The Human Condition Affects Us All
By definition, the human condition encompasses the experiences, emotions and challenges that we all face. For the University of California San Diego School of Medicine community, The Human Condition, an annual humanities magazine, encourages creative endeavors that encompass those experiences, emotions and challenges that make us all who we are.
“Art and writing are ways for me to exercise creativity and explore my identity outside of school and other commitments,” said Tonya Lee, MD, a 2023 School of Medicine graduate and student editor of Volume XVIII of The Human Condition, which was recently published “I value The Human Condition as a space that celebrates the unique talents and creative pursuits of our students and staff.”
Each year a volunteer editorial board of medical students solicits submissions of art, photography, poetry, prose, music and other media from others in the School of Medicine community with the goal of providing a diverse space to reflect on their medical school journey and life in general.
“Despite how busy medical school may be at times, I find I always come back to art as a form of respite,” said Lee. “In my preclinical years, art served as a way to relax and express myself outside of constant studying for board exams. In my third year of medical school, during which I saw both the highs and lows of medicine, writing down my thoughts at the end of a long day helped me process those experiences.”
Flipping through the pages of this year’s issue, one is struck by the vast experiences of the contributors. Some pieces are filled with raw emotions dealing with death, life and lost love. While other pieces are whimsical and light-hearted. Still other submissions are reflective and filled with a deep desire for understanding and guidance.
There is no right or wrong when it comes to the art accepted for The Human Condition.
“We like to accept as many pieces as can fit in the magazine within the limits of our budget, with special attention to ensure diversity among creators and their works,” said Lee. “For prose and poetry submissions, our editors work closely with the authors to revise the submissions, so all pieces are appropriate for publication. Our talented layout team then matches visual works with written pieces thematically to create the spreads that appear in the final magazine.”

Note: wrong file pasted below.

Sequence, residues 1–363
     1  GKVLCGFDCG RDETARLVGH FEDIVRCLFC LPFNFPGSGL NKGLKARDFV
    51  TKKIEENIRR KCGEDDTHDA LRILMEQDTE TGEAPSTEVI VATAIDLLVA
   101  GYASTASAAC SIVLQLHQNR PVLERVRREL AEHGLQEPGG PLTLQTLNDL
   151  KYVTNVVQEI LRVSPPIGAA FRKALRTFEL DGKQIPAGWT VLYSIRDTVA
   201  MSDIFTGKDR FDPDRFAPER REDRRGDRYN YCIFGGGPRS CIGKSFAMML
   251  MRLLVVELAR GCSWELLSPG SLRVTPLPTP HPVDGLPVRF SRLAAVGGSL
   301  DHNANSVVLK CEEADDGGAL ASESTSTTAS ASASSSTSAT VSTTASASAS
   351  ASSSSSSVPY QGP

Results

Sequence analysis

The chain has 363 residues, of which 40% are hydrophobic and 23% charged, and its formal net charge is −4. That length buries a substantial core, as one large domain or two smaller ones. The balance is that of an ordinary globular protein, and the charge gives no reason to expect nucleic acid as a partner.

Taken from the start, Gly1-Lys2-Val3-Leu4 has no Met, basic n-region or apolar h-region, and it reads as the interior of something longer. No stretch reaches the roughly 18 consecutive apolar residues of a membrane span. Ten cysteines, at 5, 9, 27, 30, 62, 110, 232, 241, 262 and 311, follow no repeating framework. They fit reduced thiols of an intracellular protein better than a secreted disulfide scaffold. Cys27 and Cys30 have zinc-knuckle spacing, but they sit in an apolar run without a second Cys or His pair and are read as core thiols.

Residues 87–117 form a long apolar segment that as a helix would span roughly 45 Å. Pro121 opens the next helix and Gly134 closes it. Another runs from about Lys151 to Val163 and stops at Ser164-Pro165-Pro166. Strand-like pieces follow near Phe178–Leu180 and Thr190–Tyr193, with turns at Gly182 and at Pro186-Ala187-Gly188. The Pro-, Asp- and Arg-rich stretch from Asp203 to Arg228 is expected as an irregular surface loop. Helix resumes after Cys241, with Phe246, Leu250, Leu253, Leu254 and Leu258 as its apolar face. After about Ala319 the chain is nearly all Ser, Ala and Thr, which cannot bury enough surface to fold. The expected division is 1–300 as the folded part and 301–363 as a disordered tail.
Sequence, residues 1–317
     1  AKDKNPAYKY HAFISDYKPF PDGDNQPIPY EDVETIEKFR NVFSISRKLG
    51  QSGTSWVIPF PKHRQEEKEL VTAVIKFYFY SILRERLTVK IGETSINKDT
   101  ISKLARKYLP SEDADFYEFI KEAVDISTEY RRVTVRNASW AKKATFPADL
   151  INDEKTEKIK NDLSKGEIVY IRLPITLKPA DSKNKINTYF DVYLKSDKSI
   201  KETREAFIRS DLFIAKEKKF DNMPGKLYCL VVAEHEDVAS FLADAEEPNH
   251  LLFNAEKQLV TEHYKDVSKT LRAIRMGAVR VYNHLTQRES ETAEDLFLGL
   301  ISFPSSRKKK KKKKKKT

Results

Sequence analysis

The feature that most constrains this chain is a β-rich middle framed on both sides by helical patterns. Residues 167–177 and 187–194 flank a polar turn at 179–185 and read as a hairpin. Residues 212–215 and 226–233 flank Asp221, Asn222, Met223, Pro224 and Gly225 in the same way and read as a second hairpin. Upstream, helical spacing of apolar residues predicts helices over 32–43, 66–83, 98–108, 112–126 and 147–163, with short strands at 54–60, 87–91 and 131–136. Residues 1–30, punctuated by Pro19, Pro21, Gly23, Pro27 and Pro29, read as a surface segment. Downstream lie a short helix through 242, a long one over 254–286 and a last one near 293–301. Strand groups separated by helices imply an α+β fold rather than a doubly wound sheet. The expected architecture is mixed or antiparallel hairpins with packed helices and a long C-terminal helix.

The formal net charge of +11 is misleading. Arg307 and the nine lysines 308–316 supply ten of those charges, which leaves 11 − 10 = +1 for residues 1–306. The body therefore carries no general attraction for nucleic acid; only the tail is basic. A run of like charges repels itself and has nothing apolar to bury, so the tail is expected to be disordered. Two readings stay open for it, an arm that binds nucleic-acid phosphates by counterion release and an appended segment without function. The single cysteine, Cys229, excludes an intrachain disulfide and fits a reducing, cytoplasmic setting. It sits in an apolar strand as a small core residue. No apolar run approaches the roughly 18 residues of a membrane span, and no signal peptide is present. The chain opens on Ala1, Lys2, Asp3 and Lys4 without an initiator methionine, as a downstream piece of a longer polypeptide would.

The publication was originally borne out of the stories written for an elective class, The Good Doctor: The Works of Anton Chekhov. While that class is no longer offered, there is currently an elective available to students in their preclinical years called Representing the Human Body: Drawing as a Way of Seeing. Facilitated by Larry and Debby Kline, the School of Medicine’s Artists in Residence, the class encourages students to engage in different creative exercises with a variety of mediums including pencil, charcoal, and clay.
“Students have the unique opportunity to work with the Klines to practice life drawing of models and cadavers,” said Lee. “The goal of the class is to help students form an understanding of the human body that is wholly different from, yet may intersect and interact with, the clinical perspective.”
This commitment to a different perspective lends itself to creativity which can be incredibly beneficial to these young doctors. In the book, 50 Years of Findings from the Jefferson Longitudinal Study of Medical Education, the Jefferson Empathy Scale showed that student empathy declines significantly in the third year of medical school.
“This is when students begin working with patients and empathy is most essential,” said Larry Kline. “We feel that our class gives students some tools to guard against this problem. We encourage our students to involve themselves in things beyond medicine, to take time for other passions such as art and culture, to remember to include themselves in the process of caring. Self-care is a key to empathy and activities such as meditation, making art, visiting museums, theatres and musical events can all act as vehicles toward a greater sense of empathy.”
Incredibly, the entire production of The Human Condition is student-led.
“The medical students are the ones selecting and editing pieces, putting the entire layout of the magazine together, and organizing the art show,” said Lee. “That being said, we do have amazing faculty advisors who support us along the way, and we would not be able to make the magazine without them.”
The Klines note that they love coming to the launch of the magazine each year to see the work of their current and former students displayed together.
“The work that they produce is spectacular, thoughtful and has great energy,” said Debby. “More importantly, however, is the understanding that this emphasis on the arts is helping to put doctors out into the world who have a greater capacity for self-reflection and caring.”
The Human Condition magazine can be viewed on the School of Medicine's website.
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